German Order and Revolution

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Before the revolutions of 1848, a separation of ideas caused political, social, and economic problems throughout Germany. Additionally, large differences in the eighteenth century led the Germans to become divided between over three hundred states, all of which were included in the Holy Roman Empire. During the Napoleonic Era there was a small period of time in which German unification under one government seemed conceivable, but the defeat of Napoleon left Germany with thirty-eight states poorly connected with the Germanic Confederation. The time leading up to the revolutions of 1848 witnessed a change in which the radical views of the lower classes for the different parts of Germany became more popular amongst the upper classes, causing the majority to become for unification of the states. As for the views on social concern, many people believed that a unified Germany was needed with a cohesive culture and language, while others only wished to destroy this cause. At the same time, financial concerns were in agreement that the economic state was terrible because of peasant unrest due to high bread prices as well as a worsening market of commerce because of Germany’s divided country. Worries about the political problems and the creation of a unified Germany under a single constitutional monarchy were popular amongst the lower and middle classes, but only some political officials saw the importance of unity and how it could strengthen the fatherland. Ultimately, the Holy Roman Empire before 1848 was in complete disarray and while there was a glimpse of possible unification, the lower or working classes did not have the power to induce the change needed in Germany.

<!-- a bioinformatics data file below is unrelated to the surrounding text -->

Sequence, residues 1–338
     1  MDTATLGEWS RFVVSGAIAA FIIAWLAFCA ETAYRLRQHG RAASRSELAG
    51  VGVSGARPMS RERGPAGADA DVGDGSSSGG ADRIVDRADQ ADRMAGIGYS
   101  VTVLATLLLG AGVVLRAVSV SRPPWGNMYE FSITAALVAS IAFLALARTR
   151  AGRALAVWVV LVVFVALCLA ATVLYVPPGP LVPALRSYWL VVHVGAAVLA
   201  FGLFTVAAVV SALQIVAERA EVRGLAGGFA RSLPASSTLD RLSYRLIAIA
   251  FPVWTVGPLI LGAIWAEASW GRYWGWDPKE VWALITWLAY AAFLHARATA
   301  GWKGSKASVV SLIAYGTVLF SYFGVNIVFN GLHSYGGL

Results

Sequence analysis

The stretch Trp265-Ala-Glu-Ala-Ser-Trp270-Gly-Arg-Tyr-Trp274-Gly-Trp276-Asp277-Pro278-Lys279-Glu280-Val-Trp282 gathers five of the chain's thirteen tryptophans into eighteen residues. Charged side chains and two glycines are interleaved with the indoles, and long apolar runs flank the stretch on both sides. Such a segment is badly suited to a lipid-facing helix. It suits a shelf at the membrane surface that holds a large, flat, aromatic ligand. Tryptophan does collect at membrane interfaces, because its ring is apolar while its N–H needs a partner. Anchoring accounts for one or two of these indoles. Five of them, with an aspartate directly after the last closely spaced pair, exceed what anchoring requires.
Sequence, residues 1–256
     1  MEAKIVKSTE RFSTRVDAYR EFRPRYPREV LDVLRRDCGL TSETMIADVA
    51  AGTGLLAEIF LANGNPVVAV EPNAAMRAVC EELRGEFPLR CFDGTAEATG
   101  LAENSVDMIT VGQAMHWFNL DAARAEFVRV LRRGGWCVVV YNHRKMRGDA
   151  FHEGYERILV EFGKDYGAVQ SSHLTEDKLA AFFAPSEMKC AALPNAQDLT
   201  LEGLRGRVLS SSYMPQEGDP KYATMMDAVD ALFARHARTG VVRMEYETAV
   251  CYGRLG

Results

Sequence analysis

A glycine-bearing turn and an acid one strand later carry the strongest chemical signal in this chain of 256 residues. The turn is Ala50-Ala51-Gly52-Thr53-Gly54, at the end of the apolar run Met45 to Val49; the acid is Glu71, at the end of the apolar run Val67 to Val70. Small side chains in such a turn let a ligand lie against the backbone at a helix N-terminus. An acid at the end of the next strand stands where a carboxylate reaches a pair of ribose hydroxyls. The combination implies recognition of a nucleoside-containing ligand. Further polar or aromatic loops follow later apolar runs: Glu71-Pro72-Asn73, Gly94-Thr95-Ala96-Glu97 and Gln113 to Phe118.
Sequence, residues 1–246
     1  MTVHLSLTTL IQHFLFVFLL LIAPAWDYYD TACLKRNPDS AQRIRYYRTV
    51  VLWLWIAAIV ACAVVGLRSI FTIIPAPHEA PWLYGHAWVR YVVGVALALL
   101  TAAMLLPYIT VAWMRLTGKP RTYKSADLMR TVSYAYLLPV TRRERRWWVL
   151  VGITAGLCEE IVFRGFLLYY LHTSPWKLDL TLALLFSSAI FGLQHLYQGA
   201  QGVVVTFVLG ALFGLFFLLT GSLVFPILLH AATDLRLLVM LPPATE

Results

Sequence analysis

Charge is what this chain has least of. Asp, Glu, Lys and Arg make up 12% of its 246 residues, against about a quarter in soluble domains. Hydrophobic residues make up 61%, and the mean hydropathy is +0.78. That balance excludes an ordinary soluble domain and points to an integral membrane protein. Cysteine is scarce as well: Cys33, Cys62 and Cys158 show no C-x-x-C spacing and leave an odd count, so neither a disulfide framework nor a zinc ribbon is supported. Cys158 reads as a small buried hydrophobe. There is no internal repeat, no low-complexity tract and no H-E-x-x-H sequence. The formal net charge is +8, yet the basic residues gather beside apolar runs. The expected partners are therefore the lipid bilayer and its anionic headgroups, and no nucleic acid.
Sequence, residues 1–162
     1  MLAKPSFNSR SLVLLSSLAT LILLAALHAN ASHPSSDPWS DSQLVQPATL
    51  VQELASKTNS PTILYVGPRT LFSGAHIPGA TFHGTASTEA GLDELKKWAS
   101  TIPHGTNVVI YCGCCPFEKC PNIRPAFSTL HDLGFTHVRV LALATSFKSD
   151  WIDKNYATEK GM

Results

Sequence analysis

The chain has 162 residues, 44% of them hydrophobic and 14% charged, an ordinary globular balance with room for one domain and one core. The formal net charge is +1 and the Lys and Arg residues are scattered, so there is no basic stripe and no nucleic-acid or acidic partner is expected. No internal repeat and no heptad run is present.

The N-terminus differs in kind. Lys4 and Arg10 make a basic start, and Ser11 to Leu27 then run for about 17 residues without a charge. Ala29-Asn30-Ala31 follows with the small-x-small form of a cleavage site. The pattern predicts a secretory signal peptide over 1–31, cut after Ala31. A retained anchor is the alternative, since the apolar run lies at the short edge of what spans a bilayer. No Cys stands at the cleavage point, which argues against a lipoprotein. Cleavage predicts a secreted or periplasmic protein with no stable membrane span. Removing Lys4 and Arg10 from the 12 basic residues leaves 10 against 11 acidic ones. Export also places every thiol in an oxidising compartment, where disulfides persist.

Therefore, there were many concerns based around social conflicts a...

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...e and the usage of words as well as other voicing through violence. Politically, the creation of a unified Germany under one constitutional government or possibly a republican government created mixed views because the lower, middle, or working classes favored this idea as well as some government officials, while Klemens von Metternich sought only to destroy this cause. As time progressed up to 1848 and radical opinions of the lower classes became more favorable amongst the upper class, the views and concerns of the different aspects of the German states became increasingly pro unification. Ultimately, the idea of unification in Germany that amplified between the end of the French Revolution and the revolutions of 1848 would be similar to the processes that occurred in various other European countries in the later nineteenth as well as the early twentieth centuries.
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